Saint Solomon Leclercq, Martyr of the French Revolution
On Sunday, October 16, Pope Francis will canonize Brother Solomon Leclercq, a martyr of the French Revolution. Dear to the De La Salle Brothers as the first member of our Institute recognized for his heroic virtue after the time of the Founder, Brother Solomon was named a blessed in 1926 with 188 other members of the Church killed on September 2, 1792, at the Convent of the Carmelites in Paris. What lifts up Brother Solomon for special recognition at this time is the prayer of communities worldwide who hold his memory dear and who pray to him as an intercessor in heaven. One such community is Sabaneta di El Hatillo, a short distance east of Caracas in Venezuela. In 2007 a group of the faithful gathered there to pray through the intercession of Blessed Solomon for the care and cure of a five-year-old girl, María Alejandra Hernández, who had been bitten by a poisonous snake. As the doctors were making preparations to amputate the little girl’s leg, she suddenly recovered and her leg healed completely. The miracle, proven by a medical board of examiners, was attributed to the intercession of Blessed Solomon. So he now becomes a saint, a model of heroic virtue and a heavenly intercessor for the universal Church.
Chapel of Sabaneta di El Hatillo, Venezuela
Brother Solomon was born Guillaume Leclercq to a family of merchants in Boulogne-sur-Mer, a seaport town in the north of France, along the English Channel. Educated by the Brothers at their local commercial school, he decided to become a Brother in 1767 after a number of years in the family business. After a few years of teaching mathematics, he was appointed as the secretary to the Superior General, Brother Agathon (the author of The Twelve Virtues of a Good School Master). Brother Solomon would have lived out his vocation only to slip into the secular oblivion that awaits us all if not for the events of the French Revolution.
In 1791, the Brothers were forced to give up their schools, communities and religious identity, and to retire into civilian life. Brother Solomon stayed on at their property at headquarters in Paris, dressed in ordinary clothes and looking after the temporal affairs of the house as best he could. Eventually he was called upon to take the oath mandated in the Civil Constitution of the Clergy, published in 1790, which obliged citizens to swear in the presence of the municipal officials to be faithful to the new Constitution decreed by the National Assembly. This is something that Brother Solomon could not bring himself to do. He was faced with a choice unfamiliar to most of us, of choosing in his core identity between Church and country. His choice brought him a swift end eighteen days later at the hands of ministers of the State who, depending on the account one reads, bludgeoned or hacked him to death. In the intervening days of his confinement, Brother Solomon wrote to his sister, “We bear with joy and thanksgiving the crosses and afflictions visited upon us. For my part, I am not worthy to suffer for Him and up to now I have had no bad experiences, whereas so many others who confess the faith are having difficulties” (http://www.lasalle.org/en/2016/05/generalate-brother-solomon-leclercq/)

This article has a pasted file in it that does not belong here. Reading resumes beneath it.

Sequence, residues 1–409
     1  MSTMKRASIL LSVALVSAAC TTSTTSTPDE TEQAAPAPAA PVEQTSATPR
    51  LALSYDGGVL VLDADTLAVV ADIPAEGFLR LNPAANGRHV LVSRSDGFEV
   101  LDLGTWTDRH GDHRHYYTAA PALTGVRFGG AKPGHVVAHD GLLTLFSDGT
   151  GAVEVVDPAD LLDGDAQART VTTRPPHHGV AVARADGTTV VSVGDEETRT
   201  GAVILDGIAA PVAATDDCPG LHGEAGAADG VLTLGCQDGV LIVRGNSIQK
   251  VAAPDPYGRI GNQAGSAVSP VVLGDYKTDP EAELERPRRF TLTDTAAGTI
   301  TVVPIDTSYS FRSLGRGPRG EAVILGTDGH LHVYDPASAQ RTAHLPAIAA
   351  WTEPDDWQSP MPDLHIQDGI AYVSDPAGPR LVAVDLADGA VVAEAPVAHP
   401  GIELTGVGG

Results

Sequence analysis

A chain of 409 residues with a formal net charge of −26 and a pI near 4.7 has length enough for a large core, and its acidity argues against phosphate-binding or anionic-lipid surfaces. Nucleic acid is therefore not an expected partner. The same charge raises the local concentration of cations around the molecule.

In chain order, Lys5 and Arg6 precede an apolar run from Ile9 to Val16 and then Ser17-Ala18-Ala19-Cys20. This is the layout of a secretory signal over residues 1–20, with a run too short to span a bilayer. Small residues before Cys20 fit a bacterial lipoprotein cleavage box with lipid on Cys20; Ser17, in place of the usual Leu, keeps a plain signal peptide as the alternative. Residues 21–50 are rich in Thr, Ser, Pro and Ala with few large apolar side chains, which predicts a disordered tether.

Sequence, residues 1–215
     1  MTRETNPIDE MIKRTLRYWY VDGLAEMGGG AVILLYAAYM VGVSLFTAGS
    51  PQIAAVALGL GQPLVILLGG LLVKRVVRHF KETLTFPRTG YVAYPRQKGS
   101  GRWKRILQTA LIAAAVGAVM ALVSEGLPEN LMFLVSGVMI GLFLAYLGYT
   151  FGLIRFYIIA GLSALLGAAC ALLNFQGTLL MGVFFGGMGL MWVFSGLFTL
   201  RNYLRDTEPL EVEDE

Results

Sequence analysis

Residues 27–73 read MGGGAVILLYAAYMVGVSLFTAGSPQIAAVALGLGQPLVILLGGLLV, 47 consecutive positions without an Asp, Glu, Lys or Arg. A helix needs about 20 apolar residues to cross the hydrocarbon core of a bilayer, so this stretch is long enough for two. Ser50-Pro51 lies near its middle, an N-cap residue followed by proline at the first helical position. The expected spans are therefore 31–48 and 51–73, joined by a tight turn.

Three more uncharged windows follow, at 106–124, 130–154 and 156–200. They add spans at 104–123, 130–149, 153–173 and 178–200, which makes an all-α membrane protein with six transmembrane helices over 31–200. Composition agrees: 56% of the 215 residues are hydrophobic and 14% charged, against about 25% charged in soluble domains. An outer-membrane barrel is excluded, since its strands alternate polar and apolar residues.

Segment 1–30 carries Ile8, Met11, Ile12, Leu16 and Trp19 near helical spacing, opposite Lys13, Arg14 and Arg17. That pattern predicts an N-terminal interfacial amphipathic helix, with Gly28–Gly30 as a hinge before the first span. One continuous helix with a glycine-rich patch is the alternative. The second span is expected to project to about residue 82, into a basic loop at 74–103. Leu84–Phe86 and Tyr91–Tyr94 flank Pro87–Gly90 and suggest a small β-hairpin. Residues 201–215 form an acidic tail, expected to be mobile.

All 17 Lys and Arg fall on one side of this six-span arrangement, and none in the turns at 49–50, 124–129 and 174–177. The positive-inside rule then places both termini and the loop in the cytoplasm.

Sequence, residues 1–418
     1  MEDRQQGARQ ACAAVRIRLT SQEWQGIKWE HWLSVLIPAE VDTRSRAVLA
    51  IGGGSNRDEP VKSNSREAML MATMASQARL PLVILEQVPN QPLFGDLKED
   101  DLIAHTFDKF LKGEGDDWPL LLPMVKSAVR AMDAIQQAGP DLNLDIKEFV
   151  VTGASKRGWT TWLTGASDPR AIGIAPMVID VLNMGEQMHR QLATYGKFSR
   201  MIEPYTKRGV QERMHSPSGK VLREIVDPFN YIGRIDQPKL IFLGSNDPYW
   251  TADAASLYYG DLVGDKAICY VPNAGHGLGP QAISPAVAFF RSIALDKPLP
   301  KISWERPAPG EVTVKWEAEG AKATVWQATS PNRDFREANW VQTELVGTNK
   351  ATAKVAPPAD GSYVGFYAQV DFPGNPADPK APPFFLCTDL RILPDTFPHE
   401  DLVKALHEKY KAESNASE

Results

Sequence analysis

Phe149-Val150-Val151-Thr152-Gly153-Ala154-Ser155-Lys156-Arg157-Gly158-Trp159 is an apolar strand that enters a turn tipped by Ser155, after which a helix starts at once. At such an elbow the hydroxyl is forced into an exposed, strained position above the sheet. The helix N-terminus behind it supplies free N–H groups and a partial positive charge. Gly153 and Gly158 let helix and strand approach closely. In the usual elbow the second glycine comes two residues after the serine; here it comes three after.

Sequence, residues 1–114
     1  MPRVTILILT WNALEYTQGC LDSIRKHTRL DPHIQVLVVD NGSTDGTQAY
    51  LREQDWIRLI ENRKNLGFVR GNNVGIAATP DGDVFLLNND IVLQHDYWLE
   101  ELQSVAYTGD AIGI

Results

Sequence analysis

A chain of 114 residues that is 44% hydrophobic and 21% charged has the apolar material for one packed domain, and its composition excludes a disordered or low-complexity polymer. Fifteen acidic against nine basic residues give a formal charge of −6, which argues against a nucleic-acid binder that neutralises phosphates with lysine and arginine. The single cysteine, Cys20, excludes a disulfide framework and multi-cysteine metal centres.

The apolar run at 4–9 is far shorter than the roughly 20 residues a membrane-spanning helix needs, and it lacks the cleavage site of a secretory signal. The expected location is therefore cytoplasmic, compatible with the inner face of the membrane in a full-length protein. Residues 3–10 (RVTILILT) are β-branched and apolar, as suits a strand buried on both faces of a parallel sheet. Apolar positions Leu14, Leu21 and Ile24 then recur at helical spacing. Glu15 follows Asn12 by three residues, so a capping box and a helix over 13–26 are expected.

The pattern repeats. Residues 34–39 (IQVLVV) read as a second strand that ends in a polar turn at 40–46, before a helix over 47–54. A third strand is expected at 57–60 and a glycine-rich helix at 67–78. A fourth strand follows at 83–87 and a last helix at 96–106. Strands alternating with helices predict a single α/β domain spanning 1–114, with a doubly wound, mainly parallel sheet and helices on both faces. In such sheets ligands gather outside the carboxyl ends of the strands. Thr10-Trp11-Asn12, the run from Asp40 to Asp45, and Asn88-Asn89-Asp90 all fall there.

His experience, one imagines, was of feeling fully alive to his faith. The Gospel passage this week comes to mind. Ten lepers were healed by Jesus, but only one had the presence of mind to return to Jesus in gratitude (Luke 17:11-19). Perhaps the others did not feel the difference between sickness and health. The one who returned to Jesus in gratitude remembered the joy of being whole and knew what had been lost and now restored. Brother Solomon wrote with the same intensity and awareness of the precious gift that the life of faith had given him. After a short passage of suffering, he knew the same joy of going home to Jesus in gratitude.
Photo credits: Rome, Generalate of the Brothers of the Christian Schools, http://www.lasalle.org/